26 CFR § 601.504 - Requirements for filing power of attorney.
(a) Situations in which a power of attorney is required. Except as otherwise provided in § 601.504(b), a power of attorney is required by the Internal Revenue Service when the taxpayer wishes to authorize a recognized representative to perform one or more of the following acts on behalf of the taxpayer -
(1) Representation. (See §§ 601.501(b)(10) and 601.501(b)(13).)
(2) Waiver. Offer and/or execution of either
(i) A waiver of restriction on assessment or collection of a deficiency in tax, or
(ii) A waiver of notice of disallowance of a claim for credit or refund.
(3) Consent. Execution of a consent to extend the statutory period for assessment or collection of a tax.
(5) Check drawn on the United States Treasury. The authority to receive (but not endorse or collect) a check drawn on the United States Treasury must be specifically granted in a power of attorney. (The endorsement and payment of a check drawn on the United States Treasury are governed by Treasury Department Circular No. 21, as amended, 31 CFR part 240. Endorsement and payment of such check by any person other than the payee must be made under one of the special types of powers of attorney prescribed by Circular No. 21, 31 CFR part 240. For restrictions on the assignment of claims, see Revised Statute section 3477, as amended (31 U.S.C. 3727).)
(i) Permitted under the Internal Revenue Code and the regulations thereunder (e.g., the authority to sign income tax returns is governed by the provisions of § 1.6012-1(a)(5) of the Income Tax Regulations); and
(ii) Specifically authorized in the power of attorney.
(b) Situations in which a power of attorney is not required -
(1) Disclosure of confidential tax information. The submission of a tax information authorization to request a disclosure of confidential tax information does not constitute practice before the Internal Revenue Service. (Such procedure is governed by the provisions of section 6103 of the Internal Revenue Code and the regulations thereunder.) Nevertheless, if a power of attorney is properly filed, the recognized representative also is authorized to receive and/or inspect confidential tax information concerning the matter(s) specified (provided the power of attorney places no limitations upon such disclosure).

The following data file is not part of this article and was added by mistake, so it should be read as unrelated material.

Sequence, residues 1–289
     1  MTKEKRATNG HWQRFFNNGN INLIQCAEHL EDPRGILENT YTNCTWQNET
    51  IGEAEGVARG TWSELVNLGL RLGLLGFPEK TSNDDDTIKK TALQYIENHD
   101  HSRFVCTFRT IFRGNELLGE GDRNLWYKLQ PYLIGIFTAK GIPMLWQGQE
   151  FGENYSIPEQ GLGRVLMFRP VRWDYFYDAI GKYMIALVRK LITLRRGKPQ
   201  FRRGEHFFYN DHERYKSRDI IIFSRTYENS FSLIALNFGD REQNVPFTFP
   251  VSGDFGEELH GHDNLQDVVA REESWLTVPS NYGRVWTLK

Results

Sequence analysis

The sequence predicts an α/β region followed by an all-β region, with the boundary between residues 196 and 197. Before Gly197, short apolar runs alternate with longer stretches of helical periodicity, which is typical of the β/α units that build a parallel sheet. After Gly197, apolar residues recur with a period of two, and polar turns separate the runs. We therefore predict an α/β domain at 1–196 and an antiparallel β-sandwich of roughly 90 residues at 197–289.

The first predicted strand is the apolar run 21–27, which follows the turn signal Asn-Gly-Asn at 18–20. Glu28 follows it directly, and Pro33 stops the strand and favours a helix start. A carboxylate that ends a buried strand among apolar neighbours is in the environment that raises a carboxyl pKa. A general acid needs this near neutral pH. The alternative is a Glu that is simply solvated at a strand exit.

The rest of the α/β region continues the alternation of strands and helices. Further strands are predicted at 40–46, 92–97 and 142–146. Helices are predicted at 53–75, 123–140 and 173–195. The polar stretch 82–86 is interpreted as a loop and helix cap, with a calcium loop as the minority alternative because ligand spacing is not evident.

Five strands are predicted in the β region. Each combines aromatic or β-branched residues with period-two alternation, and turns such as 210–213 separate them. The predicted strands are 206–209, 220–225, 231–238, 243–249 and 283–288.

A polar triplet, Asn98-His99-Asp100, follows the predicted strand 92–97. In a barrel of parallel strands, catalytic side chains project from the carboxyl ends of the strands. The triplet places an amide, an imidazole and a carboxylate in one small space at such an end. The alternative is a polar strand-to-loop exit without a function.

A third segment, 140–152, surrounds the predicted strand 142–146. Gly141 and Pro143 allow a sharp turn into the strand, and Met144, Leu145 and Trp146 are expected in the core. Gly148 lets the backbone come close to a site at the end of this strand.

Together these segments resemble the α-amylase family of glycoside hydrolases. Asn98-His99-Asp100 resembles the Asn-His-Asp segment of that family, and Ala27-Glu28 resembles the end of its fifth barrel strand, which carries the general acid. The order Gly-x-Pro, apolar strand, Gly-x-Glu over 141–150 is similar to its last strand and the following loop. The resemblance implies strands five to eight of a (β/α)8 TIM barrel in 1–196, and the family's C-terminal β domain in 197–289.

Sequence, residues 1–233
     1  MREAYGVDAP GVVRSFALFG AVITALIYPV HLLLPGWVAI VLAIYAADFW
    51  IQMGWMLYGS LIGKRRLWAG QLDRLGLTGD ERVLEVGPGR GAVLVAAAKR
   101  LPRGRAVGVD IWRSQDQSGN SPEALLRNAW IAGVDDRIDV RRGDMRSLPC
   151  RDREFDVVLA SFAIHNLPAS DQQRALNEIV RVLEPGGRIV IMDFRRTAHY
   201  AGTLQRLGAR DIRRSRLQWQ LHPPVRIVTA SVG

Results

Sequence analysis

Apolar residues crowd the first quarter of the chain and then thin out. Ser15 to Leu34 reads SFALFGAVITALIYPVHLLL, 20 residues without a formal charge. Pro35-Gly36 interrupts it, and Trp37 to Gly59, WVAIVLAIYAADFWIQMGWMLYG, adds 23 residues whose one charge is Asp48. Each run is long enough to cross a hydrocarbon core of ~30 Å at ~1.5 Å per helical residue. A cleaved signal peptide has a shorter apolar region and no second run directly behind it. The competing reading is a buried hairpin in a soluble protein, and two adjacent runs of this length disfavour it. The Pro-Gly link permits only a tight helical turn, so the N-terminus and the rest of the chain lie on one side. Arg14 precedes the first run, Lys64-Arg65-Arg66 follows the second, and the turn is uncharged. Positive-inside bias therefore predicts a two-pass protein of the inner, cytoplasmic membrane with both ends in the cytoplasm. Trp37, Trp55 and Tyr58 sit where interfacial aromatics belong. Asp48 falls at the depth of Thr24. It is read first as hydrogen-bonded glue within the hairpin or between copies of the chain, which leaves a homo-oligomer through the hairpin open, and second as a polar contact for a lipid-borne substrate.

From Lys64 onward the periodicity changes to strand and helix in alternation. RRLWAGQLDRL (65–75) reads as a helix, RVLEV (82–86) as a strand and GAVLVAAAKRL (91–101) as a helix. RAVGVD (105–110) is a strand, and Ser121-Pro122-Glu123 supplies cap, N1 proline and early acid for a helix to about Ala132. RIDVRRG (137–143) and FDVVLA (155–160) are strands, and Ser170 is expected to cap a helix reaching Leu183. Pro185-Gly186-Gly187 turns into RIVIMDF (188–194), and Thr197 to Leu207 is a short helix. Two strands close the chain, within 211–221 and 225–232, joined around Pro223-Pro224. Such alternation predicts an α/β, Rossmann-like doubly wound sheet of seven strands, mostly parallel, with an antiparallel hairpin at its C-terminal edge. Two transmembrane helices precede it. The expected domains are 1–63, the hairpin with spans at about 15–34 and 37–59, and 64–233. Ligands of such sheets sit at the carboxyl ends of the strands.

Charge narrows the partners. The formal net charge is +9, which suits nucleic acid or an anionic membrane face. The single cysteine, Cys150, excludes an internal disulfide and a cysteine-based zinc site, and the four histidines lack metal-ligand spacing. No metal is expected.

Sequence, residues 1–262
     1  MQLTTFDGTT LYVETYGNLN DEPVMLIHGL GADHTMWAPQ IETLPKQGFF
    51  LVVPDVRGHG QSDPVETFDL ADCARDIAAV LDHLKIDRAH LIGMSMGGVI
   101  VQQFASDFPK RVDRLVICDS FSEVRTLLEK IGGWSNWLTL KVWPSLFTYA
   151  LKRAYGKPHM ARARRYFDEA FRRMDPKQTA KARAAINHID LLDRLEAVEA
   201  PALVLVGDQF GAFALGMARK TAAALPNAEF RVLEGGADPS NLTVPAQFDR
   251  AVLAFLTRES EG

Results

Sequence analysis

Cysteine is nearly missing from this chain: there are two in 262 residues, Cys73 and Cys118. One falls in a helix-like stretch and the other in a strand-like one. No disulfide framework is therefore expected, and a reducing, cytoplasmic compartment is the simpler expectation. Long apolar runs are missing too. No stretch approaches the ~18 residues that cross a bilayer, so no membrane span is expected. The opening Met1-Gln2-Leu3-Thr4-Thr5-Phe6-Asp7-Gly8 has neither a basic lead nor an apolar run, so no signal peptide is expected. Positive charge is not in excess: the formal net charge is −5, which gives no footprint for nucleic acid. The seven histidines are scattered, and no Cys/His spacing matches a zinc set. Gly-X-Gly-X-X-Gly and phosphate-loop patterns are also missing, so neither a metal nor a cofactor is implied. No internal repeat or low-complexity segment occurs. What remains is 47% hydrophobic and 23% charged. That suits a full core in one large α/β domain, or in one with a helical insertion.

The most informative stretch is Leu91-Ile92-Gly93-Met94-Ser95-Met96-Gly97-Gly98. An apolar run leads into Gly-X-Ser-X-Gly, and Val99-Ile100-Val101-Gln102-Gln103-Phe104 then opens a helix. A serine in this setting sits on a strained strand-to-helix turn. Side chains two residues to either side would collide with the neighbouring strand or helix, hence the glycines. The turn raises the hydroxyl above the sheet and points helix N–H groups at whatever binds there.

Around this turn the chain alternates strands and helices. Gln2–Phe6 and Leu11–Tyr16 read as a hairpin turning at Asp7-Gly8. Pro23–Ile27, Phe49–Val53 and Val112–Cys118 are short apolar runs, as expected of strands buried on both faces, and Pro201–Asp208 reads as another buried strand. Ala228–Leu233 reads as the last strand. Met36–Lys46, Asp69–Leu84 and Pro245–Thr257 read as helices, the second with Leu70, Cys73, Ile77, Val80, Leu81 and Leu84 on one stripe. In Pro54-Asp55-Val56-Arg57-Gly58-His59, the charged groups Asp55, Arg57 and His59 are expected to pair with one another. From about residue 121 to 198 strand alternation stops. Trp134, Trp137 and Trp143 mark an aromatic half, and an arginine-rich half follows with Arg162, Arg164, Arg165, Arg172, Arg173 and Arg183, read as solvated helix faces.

(2) Estate matter. A power of attorney is not required at a conference concerning an estate tax matter if the individual seeking to act as a recognized representative presents satisfactory evidence to Internal Revenue Service officials that he/she is -
(i) An individual described in § 601.502(b); and
(ii) The attorney of record for the executor, personal representative, or administrator before the court where the will is probated or the estate is administered.
(3) Bankruptcy matters. A power of attorney is not required in the case of a trustee, receiver, or an attorney (designated to represent a trustee, receiver, or debtor in possession) appointed by a court having jurisdiction over a debtor. In such a case, Internal Revenue Service officials may require the submission of a certificate from the court having jurisdiction over the debtor showing the appointment and qualification of the trustee, receiver, or attorney and that his/her authority has not been terminated. In cases pending before a court of the United States (e.g., U.S. District Court or U.S. Bankruptcy Court), an authenticated copy of the order approving the bond of the trustee, receiver, or attorney will meet this requirement.
(c) Administrative requirements of filing -
(1) General. Except as provided in this section, a power of attorney (including the declaration of representative and any other required statement(s)) must be filed in each office of the Internal Revenue Service in which the recognized representative desires to perform one or more of the acts described in § 601.504(a).
(2) Regional offices. If a power of attorney (including the declaration of representative and any other required statement(s)) is filed with the office of a district director or with a service center which has the matter under consideration, it is not necessary to file a copy with the office of a regional commissioner which subsequently has the matter under consideration unless requested.
(3) National Office. In case of a request for a ruling or other matter to be considered in the National Office, a power of attorney, including the declaration of representative and any other required statement(s), must be submitted with each request or matter.
(4) Copy of power of attorney. The Internal Revenue Service will accept either the original or a copy of a power of attorney. A copy of a power of attorney received by facsimile transmission (FAX) also will be accepted.
(d) Practice by correspondence. If an individual desires to represent a taxpayer through correspondence with the Internal Revenue Service, such individual must submit a power of attorney, including the declaration of representative and any other required statement(s), even though no personal appearance is contemplated.